by Carrie Stuart Parks

My “day job,” the one I can’t give up until a vast number of people go on a buying frenzy and purchase enough books to put me on the New York Times bestseller list, is teaching art. Specifically, I teach people to draw faces. Most of them aren’t artists. In fact, most students, on a good day, couldn’t draw blood with a knife. And they have only one week to learn how to draw. When I’m finished, my students, mostly law enforcement professionals, will go on to draw the faces of murderers, rapists, robbers, and other bad guys from the descriptions of victims or witnesses of crimes. I’m a forensic artist, and I teach forensic art.

That’s very interesting, Carrie, but what does that have to do with writing?

Stay with me now, I’m getting there. In order to teach people to draw the human face quickly and accurately, I had to do two things: learn how the mind perceives and processes information then break that information down into usable components.

When I first started writing fiction under the tutelage of my mentor, Frank Peretti, I discovered amazing parallels between learning how to draw and learning how to write. I reasoned that the mind would process writing in much the same way as art and that writing could be broken down into usable components that would accelerate the writing learning curve.

Drawing is about seeing—not what you THINK you see but the reality of what’s there.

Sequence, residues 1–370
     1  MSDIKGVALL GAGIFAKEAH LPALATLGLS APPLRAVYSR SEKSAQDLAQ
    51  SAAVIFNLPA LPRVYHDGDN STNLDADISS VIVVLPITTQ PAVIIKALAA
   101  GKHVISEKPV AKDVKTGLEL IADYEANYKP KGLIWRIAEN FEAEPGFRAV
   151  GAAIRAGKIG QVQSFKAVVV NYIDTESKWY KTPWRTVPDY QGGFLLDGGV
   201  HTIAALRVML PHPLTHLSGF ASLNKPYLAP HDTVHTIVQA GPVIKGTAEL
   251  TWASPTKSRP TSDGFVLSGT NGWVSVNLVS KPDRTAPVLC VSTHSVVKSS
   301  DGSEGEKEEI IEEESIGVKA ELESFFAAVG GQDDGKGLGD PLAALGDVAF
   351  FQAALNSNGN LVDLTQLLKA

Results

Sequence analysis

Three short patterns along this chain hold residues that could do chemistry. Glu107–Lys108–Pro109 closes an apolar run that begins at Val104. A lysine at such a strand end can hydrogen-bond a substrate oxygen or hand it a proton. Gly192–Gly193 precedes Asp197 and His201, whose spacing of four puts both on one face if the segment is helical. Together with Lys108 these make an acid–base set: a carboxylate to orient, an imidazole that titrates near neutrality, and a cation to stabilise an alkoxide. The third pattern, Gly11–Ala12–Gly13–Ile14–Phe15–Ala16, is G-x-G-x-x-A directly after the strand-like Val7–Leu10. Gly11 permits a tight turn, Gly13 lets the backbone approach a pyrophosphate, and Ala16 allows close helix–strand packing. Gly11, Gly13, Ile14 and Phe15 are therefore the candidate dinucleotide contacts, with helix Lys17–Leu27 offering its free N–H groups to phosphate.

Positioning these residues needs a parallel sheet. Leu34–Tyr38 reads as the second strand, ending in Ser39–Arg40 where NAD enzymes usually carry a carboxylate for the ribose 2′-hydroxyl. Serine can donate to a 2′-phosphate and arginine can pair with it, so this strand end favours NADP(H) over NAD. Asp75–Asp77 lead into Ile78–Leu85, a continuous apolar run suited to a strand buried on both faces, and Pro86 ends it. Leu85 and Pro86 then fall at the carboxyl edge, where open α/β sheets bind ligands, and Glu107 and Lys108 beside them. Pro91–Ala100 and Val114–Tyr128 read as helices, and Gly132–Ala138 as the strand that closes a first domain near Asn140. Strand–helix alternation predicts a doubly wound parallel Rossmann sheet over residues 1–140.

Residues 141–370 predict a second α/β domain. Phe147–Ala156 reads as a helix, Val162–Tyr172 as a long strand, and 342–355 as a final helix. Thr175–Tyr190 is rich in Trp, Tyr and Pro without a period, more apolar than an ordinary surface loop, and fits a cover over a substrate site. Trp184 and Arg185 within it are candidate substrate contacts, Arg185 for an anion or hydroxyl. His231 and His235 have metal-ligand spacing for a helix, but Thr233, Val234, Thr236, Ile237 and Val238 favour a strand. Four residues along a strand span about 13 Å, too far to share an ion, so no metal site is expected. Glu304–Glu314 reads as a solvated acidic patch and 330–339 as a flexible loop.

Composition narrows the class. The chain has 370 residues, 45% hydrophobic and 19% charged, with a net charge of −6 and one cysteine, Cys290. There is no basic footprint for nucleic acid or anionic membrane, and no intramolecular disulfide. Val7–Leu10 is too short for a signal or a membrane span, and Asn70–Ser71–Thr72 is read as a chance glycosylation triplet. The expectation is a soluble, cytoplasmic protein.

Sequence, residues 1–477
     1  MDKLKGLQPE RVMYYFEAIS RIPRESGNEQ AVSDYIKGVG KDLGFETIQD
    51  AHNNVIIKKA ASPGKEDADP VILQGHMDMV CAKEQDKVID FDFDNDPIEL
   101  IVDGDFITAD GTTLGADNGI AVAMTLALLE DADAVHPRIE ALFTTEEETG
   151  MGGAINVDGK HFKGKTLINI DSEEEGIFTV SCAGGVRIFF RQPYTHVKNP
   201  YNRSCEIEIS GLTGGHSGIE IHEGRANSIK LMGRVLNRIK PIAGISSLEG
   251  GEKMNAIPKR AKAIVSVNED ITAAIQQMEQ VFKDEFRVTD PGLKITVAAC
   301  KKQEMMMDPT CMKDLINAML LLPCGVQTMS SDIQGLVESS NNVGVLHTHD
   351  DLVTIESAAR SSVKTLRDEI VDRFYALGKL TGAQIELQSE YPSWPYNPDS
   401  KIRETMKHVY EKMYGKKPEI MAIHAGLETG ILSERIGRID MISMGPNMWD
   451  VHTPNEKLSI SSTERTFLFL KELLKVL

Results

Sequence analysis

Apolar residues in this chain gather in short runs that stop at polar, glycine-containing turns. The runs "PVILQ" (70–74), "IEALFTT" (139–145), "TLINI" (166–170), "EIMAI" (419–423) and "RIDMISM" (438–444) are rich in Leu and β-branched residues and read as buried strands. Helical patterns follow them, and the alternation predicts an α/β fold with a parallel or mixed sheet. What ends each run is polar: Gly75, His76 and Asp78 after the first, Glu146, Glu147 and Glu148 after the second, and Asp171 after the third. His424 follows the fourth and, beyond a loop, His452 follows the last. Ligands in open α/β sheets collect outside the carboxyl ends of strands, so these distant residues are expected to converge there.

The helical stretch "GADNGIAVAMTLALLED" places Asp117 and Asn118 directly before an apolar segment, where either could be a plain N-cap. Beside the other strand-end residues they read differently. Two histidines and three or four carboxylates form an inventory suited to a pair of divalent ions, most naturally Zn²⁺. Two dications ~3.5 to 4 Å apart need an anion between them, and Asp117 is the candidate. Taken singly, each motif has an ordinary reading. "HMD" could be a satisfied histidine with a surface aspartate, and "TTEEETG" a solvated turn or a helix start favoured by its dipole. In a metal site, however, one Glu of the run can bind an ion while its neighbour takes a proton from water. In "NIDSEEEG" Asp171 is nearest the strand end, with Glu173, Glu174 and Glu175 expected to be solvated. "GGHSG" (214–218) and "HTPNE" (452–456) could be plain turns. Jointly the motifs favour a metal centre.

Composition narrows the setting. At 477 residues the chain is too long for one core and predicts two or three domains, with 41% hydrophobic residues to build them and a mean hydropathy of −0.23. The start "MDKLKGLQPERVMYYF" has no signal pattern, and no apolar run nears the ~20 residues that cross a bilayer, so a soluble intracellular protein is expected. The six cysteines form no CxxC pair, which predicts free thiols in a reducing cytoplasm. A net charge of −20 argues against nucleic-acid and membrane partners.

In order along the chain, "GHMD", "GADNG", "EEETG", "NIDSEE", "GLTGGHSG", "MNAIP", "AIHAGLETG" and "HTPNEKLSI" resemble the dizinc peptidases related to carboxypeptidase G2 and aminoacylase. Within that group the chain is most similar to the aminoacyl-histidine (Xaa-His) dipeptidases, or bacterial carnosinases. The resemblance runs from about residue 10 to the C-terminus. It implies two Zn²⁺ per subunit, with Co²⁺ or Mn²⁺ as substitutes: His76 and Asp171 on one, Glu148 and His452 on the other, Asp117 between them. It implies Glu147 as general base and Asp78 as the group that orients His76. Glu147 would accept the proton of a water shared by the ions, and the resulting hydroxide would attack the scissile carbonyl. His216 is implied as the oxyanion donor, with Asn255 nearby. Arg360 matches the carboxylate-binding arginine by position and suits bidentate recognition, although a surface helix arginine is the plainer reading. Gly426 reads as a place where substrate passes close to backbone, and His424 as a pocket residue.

Writing is about seeing, not what you THINK you’ve written, but the reality of what you’ve put down on paper.

The drawings above show “pre-instructional” and “post-instructional” by the same student completed after two days of class.

Writing is hard work. Persistence, constant learning, and honing your craft will eventually pay off. Don’t give up after the first sketch!

The drawing above is one by my husband, Rick, and myself and is featured in the book Secrets to Drawing Realistic Children.

Now comes the fun part—I want to share all this with you. Come and join me at the Oregon Christian Writers’ conference on February 23. I promise you it will “draw” you in.


Carrie Stuart Parks is an award-winning, internationally known forensic artist. She travels across the United States and Canada teaching courses in forensic art to law-enforcement professionals including the FBI, Secret Service, and RMCP. Her novels in the mystery/suspense/thriller genre have garnered many awards including the Carol, Christy, and INSPY awards.


Carrie will share more about “The Fine Art of Writing” in her inspiring keynotes at the upcoming OCW Winter Conference February 23rd in Salem. She will also teach two one-hour workshops on the craft of writing, including how to create tension for “page-turning” stories. For more information about Carrie’s workshops and the 2019 Winter Conference schedule, visit our Winter Conference page.